A Chinese private company launched a suborbital rocket carrying three nano-satellites, for two Chinese commercial companies, into space on 25th from the Jiuquan Satellite Launch Centre

Two other Chinese start-ups have tried to put satellites in orbit previously, but failed

New Delhi: Beijing-based start-up iSpace successfully put satellites in orbit on Thursday afternoon – becoming the first private Chinese firm to do so.

The company’s Hyperbola-1 rocket blasted off from the Jiuquan Satellite Launch Centre, carrying two satellites and several experimental payloads, according to Global Times. This is the largest and most powerful rocket built by a private Chinese space company, iSpace said in a statement.

According to a SpaceNews report, the launch vehicle had three solid stages and a liquid-propellant fourth stage.

While Thursday’s successful launch may have put iSpace on the map, the company has more plans for the future. Hyperbola-2, a 2.5-meter-diameter, 38-meter-tall launch vehicle powered by liquid-methane and liquid-oxygen engines, is under development, SpaceNews reported.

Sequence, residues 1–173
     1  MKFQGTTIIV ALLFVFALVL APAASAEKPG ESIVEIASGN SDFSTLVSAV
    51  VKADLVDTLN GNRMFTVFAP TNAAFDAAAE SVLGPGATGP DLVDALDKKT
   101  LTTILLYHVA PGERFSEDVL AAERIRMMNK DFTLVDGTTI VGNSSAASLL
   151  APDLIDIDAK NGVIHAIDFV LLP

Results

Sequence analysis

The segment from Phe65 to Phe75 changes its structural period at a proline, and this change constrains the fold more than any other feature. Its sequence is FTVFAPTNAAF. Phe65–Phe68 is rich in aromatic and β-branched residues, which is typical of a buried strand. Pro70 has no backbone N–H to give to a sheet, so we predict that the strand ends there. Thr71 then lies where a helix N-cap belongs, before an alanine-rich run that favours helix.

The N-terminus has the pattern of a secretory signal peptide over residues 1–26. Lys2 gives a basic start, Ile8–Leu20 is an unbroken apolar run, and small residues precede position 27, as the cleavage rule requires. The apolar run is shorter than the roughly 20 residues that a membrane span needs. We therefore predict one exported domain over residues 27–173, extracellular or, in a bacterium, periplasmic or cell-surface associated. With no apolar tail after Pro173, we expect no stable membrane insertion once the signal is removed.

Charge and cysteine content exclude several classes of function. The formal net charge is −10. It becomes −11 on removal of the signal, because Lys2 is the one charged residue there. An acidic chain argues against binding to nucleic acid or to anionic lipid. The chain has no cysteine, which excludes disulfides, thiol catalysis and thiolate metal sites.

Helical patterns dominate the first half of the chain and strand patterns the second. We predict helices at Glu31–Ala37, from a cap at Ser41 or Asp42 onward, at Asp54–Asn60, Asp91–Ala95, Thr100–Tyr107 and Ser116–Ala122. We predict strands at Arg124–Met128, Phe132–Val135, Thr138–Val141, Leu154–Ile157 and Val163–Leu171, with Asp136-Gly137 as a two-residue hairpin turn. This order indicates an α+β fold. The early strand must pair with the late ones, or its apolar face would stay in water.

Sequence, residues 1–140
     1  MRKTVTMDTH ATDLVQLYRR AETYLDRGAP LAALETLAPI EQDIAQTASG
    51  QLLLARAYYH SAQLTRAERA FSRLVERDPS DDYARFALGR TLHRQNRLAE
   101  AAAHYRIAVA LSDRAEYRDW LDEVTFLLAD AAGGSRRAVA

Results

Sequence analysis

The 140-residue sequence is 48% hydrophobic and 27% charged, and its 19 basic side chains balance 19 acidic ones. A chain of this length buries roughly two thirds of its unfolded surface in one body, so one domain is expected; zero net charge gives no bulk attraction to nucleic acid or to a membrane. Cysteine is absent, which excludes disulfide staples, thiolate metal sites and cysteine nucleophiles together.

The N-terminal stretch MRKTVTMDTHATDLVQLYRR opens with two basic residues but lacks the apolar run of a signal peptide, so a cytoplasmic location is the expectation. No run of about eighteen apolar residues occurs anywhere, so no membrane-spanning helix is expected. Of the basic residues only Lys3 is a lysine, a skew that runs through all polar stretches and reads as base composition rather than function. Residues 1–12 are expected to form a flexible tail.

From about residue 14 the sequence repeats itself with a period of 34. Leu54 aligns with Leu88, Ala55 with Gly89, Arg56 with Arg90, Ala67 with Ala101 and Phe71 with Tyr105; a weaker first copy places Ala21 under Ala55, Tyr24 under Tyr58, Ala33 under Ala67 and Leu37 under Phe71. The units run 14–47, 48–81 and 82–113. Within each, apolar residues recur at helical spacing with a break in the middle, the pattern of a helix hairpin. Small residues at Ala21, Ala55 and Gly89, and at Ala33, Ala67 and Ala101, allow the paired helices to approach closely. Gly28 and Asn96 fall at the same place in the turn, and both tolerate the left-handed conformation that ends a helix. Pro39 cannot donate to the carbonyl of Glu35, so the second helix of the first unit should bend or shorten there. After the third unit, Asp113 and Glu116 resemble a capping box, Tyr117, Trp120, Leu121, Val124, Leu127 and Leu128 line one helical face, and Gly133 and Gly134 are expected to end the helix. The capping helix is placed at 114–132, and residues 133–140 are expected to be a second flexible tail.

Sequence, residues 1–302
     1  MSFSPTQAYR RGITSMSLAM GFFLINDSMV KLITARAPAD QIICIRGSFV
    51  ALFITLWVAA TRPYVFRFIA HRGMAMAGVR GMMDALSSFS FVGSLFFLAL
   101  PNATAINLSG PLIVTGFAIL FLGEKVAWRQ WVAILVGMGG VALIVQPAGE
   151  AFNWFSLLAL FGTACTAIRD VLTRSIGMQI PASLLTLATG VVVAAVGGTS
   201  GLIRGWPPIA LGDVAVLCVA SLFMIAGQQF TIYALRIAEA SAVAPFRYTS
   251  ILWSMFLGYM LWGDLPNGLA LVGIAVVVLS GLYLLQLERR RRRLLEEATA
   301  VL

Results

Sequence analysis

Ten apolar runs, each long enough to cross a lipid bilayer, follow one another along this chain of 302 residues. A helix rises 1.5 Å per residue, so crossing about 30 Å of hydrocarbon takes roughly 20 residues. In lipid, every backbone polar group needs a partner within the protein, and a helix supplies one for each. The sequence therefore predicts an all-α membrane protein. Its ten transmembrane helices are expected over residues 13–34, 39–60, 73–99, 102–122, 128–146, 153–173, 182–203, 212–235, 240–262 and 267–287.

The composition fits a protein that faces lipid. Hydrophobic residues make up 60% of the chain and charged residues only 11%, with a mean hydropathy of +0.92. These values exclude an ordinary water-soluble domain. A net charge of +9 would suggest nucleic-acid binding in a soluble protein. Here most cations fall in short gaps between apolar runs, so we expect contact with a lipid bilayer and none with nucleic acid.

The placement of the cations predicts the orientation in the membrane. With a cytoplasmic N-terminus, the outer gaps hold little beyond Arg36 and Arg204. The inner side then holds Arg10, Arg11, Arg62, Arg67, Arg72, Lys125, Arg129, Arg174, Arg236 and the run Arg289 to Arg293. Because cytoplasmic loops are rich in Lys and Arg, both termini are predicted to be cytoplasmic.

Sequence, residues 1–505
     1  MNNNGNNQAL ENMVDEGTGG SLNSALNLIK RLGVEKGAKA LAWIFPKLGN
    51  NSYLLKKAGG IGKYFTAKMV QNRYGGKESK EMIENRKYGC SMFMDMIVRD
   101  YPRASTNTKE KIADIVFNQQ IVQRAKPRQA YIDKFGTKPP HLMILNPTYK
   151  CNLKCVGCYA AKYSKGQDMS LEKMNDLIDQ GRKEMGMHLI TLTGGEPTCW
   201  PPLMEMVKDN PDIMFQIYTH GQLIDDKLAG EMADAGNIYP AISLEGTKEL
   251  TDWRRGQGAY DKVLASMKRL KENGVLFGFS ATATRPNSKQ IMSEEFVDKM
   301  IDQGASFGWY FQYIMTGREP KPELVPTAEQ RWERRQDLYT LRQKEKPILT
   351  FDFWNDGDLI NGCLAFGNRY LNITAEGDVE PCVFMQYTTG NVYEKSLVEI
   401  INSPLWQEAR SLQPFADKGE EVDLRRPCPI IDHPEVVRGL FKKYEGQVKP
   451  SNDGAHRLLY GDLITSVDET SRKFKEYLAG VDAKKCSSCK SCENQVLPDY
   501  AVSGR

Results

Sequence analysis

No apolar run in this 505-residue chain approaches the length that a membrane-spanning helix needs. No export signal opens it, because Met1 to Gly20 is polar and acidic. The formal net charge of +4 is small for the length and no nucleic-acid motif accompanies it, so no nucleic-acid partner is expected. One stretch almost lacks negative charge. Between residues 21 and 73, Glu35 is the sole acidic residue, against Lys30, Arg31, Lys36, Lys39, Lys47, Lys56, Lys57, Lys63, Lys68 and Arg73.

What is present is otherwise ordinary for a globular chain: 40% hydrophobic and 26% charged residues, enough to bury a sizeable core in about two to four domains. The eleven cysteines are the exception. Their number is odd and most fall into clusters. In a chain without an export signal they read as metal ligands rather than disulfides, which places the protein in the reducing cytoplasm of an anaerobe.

In an interview to a Chinese website, iSpace vice-president Huo Jia had said that he believed there would be just one or two commercial launch companies in China in the next 5-10 years, SpaceNews said. “China’s rocket technology is very mature,” Huo was quoted as saying. “The key is that the satellite downstream application market has not been developed, so the demand for satellite launch is not great.”

Two other Chinese start-ups have tried to put satellites in orbit previously, but failed. Landspace made an attempt in October 2018 and OneSpace in March 2019, but neither made it to orbit, Reuters reported.

Several private space companies are trying to make their mark in China, after the government opened up the launch and small satellite sectors to private capital. “The speed of the development of launch vehicles by private companies in China has been accelerated by a civil-military integration national strategy, facilitating the transfer of restricted technologies to approved firms in order to promote innovation in dual-use technology,” according to SpaceNews.